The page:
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|05-22-2012, 11:47 AM||#1|
Ubi bene ibi patria
Member Since: Aug 2007
It's Even Worse Than It Looks
It's Even Worse Than It Looks: How the American Constitutional System Collided With the New Politics of Extremism by Thomas E. Mann and Norman J. Ornstein
"Acrimony and hyperpartisanship have seeped into every part of the political process. Congress is deadlocked and its approval ratings are at record lows. America’s two main political parties have given up their traditions of compromise, endangering our very system of constitutional democracy. And one of these parties has taken on the role of insurgent outlier; the Republicans have become ideologically extreme, scornful of compromise, and ardently opposed to the established social and economic policy regime.
In It’s Even Worse Than It Looks, congressional scholars Thomas Mann and Norman Ornstein identify two overriding problems that have led Congress—and the United States—to the brink of institutional collapse. The first is the serious mismatch between our political parties, which have become as vehemently adversarial as parliamentary parties, and a governing system that, unlike a parliamentary democracy, makes it extremely difficult for majorities to act. Second, while both parties participate in tribal warfare, both sides are not equally culpable. The political system faces what the authors call “asymmetric polarization,” with the Republican Party implacably refusing to allow anything that might help the Democrats politically, no matter the cost.
With dysfunction rooted in long-term political trends, a coarsened political culture and a new partisan media, the authors conclude that there is no “silver bullet” reform that can solve everything. But they offer a panoply of useful ideas and reforms, endorsing some solutions, like greater public participation and institutional restructuring of the House and Senate, while debunking others, like independent or third-party candidates. Above all, they call on the media as well as the public at large to focus on the true causes of dysfunction rather than just throwing the bums out every election cycle. Until voters learn to act strategically to reward problem solving and punish obstruction, American democracy will remain in serious danger. "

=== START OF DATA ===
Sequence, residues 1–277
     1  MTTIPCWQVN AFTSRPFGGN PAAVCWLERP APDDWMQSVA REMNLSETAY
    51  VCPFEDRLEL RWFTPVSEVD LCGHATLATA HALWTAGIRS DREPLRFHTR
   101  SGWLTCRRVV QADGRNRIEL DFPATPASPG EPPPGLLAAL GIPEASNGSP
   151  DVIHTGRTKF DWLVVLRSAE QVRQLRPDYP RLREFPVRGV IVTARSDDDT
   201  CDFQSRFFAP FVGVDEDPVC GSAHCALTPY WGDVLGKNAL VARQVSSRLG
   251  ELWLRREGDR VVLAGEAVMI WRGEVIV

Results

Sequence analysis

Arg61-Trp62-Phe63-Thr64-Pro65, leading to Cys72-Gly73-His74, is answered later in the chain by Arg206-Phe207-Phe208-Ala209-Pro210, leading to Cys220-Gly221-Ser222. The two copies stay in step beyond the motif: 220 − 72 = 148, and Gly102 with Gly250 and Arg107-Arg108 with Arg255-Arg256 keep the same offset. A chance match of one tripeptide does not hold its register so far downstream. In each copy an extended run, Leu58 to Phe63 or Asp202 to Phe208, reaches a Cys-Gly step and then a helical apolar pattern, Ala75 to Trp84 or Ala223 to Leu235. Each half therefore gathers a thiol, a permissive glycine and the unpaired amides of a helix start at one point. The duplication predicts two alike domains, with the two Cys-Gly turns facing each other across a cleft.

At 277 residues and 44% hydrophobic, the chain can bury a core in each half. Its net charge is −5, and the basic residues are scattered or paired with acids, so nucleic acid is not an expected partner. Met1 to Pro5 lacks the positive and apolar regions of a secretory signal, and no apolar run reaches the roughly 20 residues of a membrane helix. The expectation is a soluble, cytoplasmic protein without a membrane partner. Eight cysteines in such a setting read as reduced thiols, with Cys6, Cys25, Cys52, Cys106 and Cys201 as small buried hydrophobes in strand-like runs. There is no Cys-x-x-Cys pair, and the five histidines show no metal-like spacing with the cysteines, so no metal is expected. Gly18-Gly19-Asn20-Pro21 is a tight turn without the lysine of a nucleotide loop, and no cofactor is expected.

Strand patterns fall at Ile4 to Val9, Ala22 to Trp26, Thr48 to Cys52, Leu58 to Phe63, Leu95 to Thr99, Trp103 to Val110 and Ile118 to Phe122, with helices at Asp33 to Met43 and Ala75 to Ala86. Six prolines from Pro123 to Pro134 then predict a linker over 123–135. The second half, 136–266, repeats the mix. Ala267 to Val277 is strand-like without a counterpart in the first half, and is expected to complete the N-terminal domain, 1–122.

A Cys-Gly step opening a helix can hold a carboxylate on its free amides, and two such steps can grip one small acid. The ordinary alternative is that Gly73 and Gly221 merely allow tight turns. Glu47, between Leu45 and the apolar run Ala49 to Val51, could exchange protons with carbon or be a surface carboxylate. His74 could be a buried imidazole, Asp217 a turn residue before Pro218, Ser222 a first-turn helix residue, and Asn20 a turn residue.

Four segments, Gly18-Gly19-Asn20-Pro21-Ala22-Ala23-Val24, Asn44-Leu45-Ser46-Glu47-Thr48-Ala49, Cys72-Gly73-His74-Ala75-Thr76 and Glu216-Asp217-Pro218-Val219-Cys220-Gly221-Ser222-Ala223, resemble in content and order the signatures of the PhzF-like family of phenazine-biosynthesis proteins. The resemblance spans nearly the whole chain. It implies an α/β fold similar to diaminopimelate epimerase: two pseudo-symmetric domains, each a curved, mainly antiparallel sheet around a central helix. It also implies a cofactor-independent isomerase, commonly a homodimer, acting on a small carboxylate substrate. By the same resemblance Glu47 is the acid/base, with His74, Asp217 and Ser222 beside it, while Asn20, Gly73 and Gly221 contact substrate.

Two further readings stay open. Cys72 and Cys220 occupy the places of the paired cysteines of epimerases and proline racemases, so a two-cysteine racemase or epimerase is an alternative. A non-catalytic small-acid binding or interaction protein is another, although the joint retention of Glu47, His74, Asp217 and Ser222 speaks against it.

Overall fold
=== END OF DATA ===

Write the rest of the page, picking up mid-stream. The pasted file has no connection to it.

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|05-22-2012, 11:55 AM||#2|
Member Since: Feb 2001
ANY analysis of US government policy over time will show a line that goes ever more towards the increase of government power favored by the left. There isn't even any hesitation during so called 'conservative' or right wing era's. Spending and the size and scope and power of the government breaking it's constitutional boundaries has been uninterpreted for generations now.
This sophomoric premise is the equivalent of, well, something that is absurd and ridiculous.
"...When law and morality contradict each other, the citizen has the cruel alternative of either losing his moral sense or losing his respect for the law. These two evils are of equal consequence, and it would be difficult for a person to choose between them."
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